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We are barely a week into 2021 and already there are urgent warnings about a novel pandemic virus strain spreading surreptitiously and exponentially across the world.

This seems like déjà vu. But in a sense that’s a good thing: This is not just another chapter in the exhausting saga of SARS-CoV-2, the virus that causes Covid-19, which newly available vaccines will slowly bring under control.

Humanity wasn’t remotely prepared for our struggle with SARS-Cov-2 when it emerged late in 2019. So we lost to it.


But we are better prepared for this new enemy, called B.1.1.7, or B-117 for short.

We already understand how this new virus spreads, which public health strategies can help contain it, and how to effectively treat people infected with it. We’re already performing millions of diagnostic tests each day that can sensitively detect the new pathogen and distinguish it from our old foe.


Anyone who has already had Covid-19 is highly resistant to B-117, a variant of SARS-CoV-2. So in one respect the old virus is helping us against the new one. Most important, the new vaccines that have been developed against SARS-CoV-2 and that are being rolled out in the U.S. and several other countries around the world are likely to protect us against B-117, meaning vaccination campaigns could defeat both viruses.

Yet B-117 has two critical advantages. One is that we’re justifiably exhausted from fighting Covid-19. People may struggle to muster the energy to respond to a new viral threat, especially when the rise of the new virus is hidden in the larger sea of SARS-CoV-2 cases. The other is that cases of B-117 can rise far faster than those of our 2020 foe. In the United Kingdom, where B-117 appears to have evolved, most districts that imposed Tier 4 stay-at-home conditions kept SARS-CoV-2 cases flat only to see B-117 increase 10-fold every three weeks or so. The same pattern of exponential growth seems to have begun in Denmark.

What might this mean for the at least 32 countries outside of the U.K. with confirmed cases of B-117?

Assume that your community is using masks and distancing to maintain flat SARS-CoV-2 transmission levels, but it has detected a single case of B-117 (plus 1,000 cases of SARS-CoV-2). In three weeks, your community may have ten daily B-117 cases (plus 1,000 SARS-CoV-2 cases). In six weeks, there could be 100 cases of the novel variant (plus 1,000 SARS-CoV-2). In nine weeks, half of all cases may be B-117, and the number will continue to increase even once the spread of both viruses slows due to infection and vaccination building up immunity in the population. These estimates are meant to illustrate what can happen, but are consistent with what we know about the comparative spread of B-117 and other strains of SARS-CoV-2.

Because B-117 can grow exponentially even in communities that are keeping SARS-CoV-2 under control, the situation is extremely urgent. If we want vaccination to win this new race, we have to slow down the new virus while it’s still rare.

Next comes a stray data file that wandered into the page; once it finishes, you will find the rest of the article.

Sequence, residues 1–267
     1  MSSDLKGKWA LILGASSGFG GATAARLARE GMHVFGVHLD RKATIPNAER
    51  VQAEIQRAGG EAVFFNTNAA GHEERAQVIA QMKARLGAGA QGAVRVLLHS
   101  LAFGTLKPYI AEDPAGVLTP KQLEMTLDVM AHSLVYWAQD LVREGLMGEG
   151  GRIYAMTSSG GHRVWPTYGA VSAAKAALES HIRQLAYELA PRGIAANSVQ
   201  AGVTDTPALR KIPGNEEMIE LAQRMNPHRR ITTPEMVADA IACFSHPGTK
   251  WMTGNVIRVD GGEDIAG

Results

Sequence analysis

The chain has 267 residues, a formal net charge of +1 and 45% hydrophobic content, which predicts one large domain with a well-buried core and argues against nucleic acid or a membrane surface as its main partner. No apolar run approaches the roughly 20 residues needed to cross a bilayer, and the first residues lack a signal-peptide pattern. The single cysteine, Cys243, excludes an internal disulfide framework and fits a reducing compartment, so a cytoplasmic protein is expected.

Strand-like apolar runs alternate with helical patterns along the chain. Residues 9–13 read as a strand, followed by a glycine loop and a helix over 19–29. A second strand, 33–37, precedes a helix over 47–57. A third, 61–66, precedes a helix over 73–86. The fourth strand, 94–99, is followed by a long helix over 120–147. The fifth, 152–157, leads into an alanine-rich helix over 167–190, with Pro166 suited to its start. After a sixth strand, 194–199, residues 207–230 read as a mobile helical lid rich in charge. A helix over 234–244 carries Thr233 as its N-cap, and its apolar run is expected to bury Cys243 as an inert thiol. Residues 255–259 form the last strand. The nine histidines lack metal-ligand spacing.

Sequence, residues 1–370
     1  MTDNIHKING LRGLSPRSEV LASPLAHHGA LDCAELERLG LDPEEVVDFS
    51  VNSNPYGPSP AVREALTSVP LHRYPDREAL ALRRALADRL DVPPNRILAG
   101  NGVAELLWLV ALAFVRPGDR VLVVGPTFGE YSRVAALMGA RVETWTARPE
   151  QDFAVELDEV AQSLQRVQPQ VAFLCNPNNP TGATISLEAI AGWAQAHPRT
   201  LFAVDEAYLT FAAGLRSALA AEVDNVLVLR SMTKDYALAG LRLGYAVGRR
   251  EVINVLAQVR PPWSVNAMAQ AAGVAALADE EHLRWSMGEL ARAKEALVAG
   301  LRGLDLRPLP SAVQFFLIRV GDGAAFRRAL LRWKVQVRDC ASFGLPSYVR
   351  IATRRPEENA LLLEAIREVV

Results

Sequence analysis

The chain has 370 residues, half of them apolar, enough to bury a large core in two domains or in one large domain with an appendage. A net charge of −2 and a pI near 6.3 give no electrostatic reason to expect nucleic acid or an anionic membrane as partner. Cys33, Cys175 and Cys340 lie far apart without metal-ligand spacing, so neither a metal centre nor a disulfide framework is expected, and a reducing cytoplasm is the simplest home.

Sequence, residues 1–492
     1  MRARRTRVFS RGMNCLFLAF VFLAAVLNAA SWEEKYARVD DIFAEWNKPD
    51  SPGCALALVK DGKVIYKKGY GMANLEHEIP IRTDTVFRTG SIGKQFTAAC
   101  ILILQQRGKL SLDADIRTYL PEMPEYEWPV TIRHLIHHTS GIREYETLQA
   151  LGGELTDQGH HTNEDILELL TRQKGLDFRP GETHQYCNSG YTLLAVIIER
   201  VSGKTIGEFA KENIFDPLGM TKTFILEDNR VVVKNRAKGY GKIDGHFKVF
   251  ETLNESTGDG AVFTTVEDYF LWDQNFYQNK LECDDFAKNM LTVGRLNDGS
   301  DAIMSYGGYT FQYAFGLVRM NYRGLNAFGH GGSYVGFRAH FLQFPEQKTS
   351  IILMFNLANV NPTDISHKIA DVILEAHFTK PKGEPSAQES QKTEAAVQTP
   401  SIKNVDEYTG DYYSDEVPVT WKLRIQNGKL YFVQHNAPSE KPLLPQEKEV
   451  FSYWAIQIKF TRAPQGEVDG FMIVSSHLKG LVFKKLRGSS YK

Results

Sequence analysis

Step one is to find the enemy. Each week, Thermo Fisher makes 20 million TaqPath test kits capable of detecting B-117, which exhibits a pattern of “S-gene dropout” that distinguishes it from SARS-CoV-2. These kits, an equivalent of the PCR tests used to detect SARS-CoV-2 infection, and/or genetic sequencing can be used on samples that already tested positive for SARS-CoV-2 to see which of them were actually B-117. No emergency use authorization is required to further analyze positive samples.

Step two is to redirect resources to the new and faster-spreading threat. Testing and contact tracing can slow the spread of rare pathogens such as B-117, but become comparatively ineffectual when there are too many cases. Multiple models (including one developed by one of us, K.E.) show that tracing bidirectionally to find both the sources of infection as well as those exposed to it can prevent more than twice as many cases as standard methods.

This suggests that as soon as the first person is diagnosed with B-117 in a community, local contact tracers should drop everything else in order to map the complete chain of transmission of the new strain using every resource available. Veteran tracers can visit the homes of contacts to provide medical advice, take samples to be mailed to labs to be tested for B-117 with next-day results, and offer supplies to people who need to self-quarantine.

Widely publicized guarantees of legal exoneration for anything revealed in the course of contact tracing could help combat mistrust. Governments should also offer financial compensation and job preservation to exposed individuals self-quarantining at home and B-117-positive people isolating, if necessary, in publicly provided hotel rooms or other accommodations. Because this new threat remains rare in most of the world, we have a second chance to apply the testing and tracing countermeasures that helped contain the initial spread in some locations, and that faltered in many others because SARS-CoV-2 had already become too widespread.

Step three is to consider diverting doses of Covid-19 vaccines to any region with large clusters of cases for whole-community vaccination. To be clear, we have very limited data showing how well the current vaccines prevent infection or transmission of B117. Yet the data we do have suggest the effect could be substantial, as it is for virtually all other viral vaccines.

Given the tremendous importance of blocking B-117’s exponential growth early, it seems worth swiftly trying this approach, monitoring the results, and adapting as we learn how well it is working. We didn’t have this potential silver bullet last time. Now it could turn the tide.